About twenty years ago or so, I was taken by Howard Gardner’s theory of “multiple intelligences.” This was a theory that posited that we need to expand how we understand intelligence beyond the ‘book smarts’ represented by traditional IQ testing, to include natural aptitudes in other aspects of life: relationships, movement, self-understanding, navigating systems, and even music. It’s an idea that many people find attractive and even intuitive. Why should ‘smart’ be confined to one small aspect of life when there are so many other things we need to succeed in the world? Unfortunately for Gardner, his theory has proven to be difficult to test and so has remained as little more than an interesting idea as far as science is concerned.
But his intuition remains compelling. And the idea that human development, growth, and aptitude are not just one thing, but have many components makes up the second component of the Integral framework, in the form of what are known as “lines of development.” While there is no authoritative list of all of the lines, some common lines Integral thinkers have borrowed from developmental psychology include: cognitive (how we think), moral, affective (how we feel), interpersonal, need, identity, aesthetic, spiritual, and psychosexual (what we desire). Human development is therefore multifaceted, and since we all have different natural aptitudes, opportunities, and experiences, and therefore grow at different speeds along different lines throughout our lives, there is no set pattern for what human development ‘should’ look like.
A major consequence of this is that an Integral framework rejects oversimplified ideas about intelligence, maturity, or growth. To be a fully successful and mature human being means growing up across all different aspects of personality, thought, and behaviour. This is in line with how we actually experience and talk about human growth. To use myself as an example, I was always precociously ‘smart’ and met cognitive developmental milestones (perspective taking, abstract reasoning, etc.) early and easily. I have also always found it easy to identify and name my emotions and understand what I was feeling. But, in other ways I was very slow to mature. For example, I was not ready to leave home at eighteen, and was lucky that we lived near a University so I had more time to ‘grow up’. I am also prone to be clumsy and was historically pretty disconnected from my body and how it moved in space. Eventually, those weaker areas surrounding personal agency, independence, and bodily awareness were able to catch up to the stronger lines, but it took time and effort to make that happen.
It’s important to note that the lines of development we’re talking about are not random, but are rooted in our basic needs as a species: They represent different aspects of what make us human, how our species evolved to meet the challenges life throws at us. For example, the cognitive line helps us manage ever more complicated data about the world; the moral line helps us manage ethical challenges that arise in relationships; the spiritual line helps us answer questions of what is of ultimate value for us; and the kinesthetic (body) line helps us to move about in and manipulate our environment.
For me, Integral theory’s use of developmental lines expresses the truth that when we are talking about growth or maturity, we need to address the whole person. We can’t focus on the mind so much we lose the heart; nor can we focus on the body so much we lose the mind. No matter which areas may lead our growth and which ones lag behind, in order to grow into the fullness of our human potential, we can leave no pieces of ourselves behind. We see a similar idea in such Biblical commandments as “Love the Lord your God with all your heart, and with all your soul, and with all your mind, and with all your strength” (Mark 12.30); the important thing is not the four specific elements Jesus lists here, but that our faith is to involve our entire being. We can also see this in the way Jesus’ healing ministry engaged people’s social and spiritual needs as well as their physical ailments. Our hearts, minds, souls, and bodies all matter to God, and I am convinced the life of faith should engage growth, health, and integration in all of them.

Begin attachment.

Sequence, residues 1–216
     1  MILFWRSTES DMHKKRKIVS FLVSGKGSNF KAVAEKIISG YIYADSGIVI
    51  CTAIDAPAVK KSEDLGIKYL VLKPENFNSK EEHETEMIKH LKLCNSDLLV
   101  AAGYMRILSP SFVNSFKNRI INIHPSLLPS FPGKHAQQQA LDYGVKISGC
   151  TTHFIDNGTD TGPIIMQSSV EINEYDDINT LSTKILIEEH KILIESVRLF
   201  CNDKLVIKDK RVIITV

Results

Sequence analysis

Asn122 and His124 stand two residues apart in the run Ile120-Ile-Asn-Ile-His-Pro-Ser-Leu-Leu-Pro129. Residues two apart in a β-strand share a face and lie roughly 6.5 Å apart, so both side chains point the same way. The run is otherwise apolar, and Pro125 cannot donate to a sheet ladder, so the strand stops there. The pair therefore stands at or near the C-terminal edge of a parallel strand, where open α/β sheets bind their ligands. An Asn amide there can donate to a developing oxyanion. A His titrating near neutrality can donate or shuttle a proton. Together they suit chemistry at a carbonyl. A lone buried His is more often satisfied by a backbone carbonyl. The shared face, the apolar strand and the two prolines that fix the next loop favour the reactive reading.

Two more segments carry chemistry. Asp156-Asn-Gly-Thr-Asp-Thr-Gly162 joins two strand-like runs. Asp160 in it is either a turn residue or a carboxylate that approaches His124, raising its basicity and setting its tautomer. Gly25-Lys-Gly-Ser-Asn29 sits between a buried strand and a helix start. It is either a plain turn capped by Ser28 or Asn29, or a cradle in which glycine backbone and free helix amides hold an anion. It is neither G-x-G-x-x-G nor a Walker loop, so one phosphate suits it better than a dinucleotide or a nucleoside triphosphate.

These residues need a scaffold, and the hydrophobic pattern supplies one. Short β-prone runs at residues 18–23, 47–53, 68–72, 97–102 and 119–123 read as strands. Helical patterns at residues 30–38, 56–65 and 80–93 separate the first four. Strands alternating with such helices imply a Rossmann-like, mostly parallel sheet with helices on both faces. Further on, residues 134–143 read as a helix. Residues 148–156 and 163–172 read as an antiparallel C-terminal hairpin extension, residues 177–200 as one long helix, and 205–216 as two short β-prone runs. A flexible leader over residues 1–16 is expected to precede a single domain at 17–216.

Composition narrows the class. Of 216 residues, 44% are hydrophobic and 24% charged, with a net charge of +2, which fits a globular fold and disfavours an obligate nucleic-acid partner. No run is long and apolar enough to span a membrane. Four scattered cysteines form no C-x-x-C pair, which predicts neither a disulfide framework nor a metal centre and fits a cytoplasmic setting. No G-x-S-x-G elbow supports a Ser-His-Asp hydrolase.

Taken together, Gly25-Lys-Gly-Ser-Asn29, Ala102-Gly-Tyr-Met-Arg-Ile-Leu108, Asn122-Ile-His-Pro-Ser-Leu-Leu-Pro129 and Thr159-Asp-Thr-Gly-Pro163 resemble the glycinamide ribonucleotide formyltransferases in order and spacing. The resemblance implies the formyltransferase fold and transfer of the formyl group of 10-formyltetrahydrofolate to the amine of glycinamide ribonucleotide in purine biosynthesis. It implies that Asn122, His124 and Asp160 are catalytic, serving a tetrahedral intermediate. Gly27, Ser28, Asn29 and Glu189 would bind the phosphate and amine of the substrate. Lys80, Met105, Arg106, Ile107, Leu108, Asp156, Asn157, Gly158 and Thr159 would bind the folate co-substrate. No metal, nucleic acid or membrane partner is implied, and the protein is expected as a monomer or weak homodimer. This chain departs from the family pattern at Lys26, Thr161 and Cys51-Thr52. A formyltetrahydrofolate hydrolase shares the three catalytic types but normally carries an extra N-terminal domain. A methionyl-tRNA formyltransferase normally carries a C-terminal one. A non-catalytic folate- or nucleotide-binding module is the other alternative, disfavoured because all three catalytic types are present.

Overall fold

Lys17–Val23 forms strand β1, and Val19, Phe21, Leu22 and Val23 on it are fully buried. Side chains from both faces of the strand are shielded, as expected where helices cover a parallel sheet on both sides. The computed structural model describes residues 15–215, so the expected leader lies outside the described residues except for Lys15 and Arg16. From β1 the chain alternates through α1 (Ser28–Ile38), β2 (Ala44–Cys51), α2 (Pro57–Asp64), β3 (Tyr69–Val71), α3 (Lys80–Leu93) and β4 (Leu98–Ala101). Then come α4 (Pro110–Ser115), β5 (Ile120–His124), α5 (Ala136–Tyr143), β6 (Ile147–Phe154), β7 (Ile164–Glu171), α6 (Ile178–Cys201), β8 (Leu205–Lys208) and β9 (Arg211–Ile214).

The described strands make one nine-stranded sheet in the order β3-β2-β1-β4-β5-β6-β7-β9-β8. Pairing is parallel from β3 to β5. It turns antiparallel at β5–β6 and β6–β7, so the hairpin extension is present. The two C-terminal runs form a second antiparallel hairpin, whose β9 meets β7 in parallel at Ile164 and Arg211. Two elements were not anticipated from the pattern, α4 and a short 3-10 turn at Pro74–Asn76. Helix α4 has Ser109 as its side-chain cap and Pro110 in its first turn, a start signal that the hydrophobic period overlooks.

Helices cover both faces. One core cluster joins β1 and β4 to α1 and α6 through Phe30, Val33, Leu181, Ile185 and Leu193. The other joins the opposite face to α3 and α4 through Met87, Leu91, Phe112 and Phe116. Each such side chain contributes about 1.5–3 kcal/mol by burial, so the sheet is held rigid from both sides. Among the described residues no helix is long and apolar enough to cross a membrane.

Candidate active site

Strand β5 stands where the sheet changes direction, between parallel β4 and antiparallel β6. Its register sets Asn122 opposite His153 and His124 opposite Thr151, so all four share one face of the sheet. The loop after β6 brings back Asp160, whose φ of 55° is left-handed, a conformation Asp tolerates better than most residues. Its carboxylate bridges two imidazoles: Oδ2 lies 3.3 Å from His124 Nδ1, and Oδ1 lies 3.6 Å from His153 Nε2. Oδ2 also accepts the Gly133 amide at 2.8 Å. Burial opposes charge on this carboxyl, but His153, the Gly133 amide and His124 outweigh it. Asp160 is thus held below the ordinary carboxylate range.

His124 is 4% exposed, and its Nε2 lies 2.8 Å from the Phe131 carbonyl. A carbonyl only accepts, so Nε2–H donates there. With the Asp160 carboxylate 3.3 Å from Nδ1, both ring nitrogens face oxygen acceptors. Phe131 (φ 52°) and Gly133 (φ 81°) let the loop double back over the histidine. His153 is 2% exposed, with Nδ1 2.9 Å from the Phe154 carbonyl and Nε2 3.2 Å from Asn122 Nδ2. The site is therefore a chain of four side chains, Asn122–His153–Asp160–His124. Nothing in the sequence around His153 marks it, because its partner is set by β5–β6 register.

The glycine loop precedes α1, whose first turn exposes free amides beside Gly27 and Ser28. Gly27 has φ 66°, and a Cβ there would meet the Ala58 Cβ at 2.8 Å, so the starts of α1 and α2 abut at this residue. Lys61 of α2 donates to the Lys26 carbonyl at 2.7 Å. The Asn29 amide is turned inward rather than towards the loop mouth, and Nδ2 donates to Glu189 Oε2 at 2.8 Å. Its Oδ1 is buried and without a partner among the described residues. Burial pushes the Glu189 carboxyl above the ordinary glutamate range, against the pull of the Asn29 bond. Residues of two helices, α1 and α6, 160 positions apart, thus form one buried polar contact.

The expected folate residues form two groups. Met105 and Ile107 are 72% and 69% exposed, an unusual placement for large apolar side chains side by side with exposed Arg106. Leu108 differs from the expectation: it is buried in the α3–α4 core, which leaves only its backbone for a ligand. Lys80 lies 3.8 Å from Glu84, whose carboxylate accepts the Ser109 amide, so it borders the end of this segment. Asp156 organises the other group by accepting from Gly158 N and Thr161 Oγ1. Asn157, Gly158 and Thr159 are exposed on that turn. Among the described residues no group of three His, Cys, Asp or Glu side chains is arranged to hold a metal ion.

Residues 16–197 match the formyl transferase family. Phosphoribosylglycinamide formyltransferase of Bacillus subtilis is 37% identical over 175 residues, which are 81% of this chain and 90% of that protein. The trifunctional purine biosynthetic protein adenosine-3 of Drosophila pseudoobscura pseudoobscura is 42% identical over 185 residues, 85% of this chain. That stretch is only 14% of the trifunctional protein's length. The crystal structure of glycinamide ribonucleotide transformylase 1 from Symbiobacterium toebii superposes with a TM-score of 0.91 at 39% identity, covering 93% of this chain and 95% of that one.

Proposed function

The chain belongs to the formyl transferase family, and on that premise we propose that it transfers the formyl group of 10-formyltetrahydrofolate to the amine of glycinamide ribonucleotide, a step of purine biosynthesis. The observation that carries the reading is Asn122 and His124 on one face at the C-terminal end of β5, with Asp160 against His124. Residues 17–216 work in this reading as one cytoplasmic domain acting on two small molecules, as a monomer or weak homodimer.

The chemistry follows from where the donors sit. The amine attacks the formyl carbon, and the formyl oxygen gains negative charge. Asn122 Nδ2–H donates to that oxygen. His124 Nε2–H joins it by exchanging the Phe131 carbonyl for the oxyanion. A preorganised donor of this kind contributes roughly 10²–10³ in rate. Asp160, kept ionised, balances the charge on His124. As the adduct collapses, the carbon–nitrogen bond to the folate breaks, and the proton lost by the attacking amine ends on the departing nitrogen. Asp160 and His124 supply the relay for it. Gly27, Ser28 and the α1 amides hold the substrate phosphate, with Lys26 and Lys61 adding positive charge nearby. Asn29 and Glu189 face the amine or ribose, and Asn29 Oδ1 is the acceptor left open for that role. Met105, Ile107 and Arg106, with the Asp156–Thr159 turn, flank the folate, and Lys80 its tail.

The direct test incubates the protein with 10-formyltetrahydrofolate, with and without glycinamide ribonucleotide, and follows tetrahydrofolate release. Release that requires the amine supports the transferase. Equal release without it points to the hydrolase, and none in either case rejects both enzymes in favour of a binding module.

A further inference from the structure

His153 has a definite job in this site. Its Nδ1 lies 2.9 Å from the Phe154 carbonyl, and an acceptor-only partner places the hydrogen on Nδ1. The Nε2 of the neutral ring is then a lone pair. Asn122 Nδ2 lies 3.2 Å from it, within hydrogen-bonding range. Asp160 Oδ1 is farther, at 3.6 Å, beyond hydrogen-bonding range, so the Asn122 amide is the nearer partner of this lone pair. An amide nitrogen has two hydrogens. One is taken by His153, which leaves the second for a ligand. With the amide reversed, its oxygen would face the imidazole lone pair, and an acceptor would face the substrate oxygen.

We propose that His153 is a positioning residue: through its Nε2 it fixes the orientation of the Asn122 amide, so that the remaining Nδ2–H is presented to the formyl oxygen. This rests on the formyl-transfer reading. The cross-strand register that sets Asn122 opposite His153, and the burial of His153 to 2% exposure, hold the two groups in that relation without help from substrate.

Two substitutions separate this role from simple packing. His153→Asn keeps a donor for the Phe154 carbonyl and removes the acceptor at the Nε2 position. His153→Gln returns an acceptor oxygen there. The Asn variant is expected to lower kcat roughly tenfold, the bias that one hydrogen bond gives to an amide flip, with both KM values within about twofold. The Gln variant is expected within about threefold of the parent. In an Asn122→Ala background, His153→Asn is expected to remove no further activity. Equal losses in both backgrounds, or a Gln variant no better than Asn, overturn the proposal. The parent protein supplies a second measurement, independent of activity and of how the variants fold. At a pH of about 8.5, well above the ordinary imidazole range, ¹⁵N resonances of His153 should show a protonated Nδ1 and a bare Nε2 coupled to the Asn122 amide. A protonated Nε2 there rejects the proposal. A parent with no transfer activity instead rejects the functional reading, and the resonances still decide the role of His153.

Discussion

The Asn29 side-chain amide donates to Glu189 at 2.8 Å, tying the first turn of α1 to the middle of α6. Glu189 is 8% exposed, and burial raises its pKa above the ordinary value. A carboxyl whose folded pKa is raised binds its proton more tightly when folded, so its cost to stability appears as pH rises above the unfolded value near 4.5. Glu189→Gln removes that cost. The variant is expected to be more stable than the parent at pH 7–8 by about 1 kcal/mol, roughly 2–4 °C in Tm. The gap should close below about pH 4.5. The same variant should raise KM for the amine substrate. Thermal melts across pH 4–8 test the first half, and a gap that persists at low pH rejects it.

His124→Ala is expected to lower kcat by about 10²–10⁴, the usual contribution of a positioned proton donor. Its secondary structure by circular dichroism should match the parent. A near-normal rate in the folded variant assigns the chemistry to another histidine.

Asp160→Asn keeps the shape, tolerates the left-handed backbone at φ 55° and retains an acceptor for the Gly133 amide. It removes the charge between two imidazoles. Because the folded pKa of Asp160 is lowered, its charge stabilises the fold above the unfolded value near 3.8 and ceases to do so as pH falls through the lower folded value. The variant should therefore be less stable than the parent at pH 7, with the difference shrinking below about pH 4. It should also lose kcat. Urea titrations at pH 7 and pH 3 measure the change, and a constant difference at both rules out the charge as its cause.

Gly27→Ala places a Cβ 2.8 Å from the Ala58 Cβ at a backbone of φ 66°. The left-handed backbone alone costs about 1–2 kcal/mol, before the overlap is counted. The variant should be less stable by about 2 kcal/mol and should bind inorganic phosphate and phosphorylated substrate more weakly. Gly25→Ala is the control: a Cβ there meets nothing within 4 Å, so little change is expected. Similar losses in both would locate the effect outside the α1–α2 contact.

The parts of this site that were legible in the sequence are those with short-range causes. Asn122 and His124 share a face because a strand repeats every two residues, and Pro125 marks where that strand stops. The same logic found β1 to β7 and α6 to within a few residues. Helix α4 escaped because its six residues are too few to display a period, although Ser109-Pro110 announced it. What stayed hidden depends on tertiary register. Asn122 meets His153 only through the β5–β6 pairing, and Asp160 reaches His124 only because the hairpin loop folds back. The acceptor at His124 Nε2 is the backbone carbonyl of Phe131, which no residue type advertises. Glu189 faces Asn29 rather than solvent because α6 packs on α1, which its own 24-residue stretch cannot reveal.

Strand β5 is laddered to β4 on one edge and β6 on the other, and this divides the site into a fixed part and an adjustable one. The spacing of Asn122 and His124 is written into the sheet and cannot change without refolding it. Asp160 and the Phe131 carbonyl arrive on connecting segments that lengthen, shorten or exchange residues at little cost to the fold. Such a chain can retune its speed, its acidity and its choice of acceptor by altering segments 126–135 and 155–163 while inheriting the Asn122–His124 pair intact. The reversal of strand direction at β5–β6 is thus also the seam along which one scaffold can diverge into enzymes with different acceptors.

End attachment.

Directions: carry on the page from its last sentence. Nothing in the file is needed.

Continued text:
Taken together with the multi-perspectival approach discussed in the previous post, the lines of development give Integral thought a broad and comprehensive, holistic, approach to life, and in the case of this project, faith. Any approach to faith would do well to adopt Integral thought’s mantra, “All Quadrants, All Lines,” which, removed from the technical jargon, we might interpret as “all perspectives and all relationships in all aspects of life.” In terms of scope, this gives our faith an orientation something akin to the Biblical ideal of shalom, a wholeness of being in the world, a harmony of the whole self with itself, with God, with those around us, and with the whole world.
The next post will explore the third component of the Integral framework, which attempts to express what “growth” in all these areas is and looks like.
Questions for Reflection
- When you were growing up, in what areas of life did you mature quickly? In what areas did you lag behind your peers?
- What are some of the areas of life you feel like could still use further growth?
- How do you see these questions intersecting with your faith and spirituality?
Please see the Annotated Bibliography on Integral Thought for sources, works cited, and further reading.
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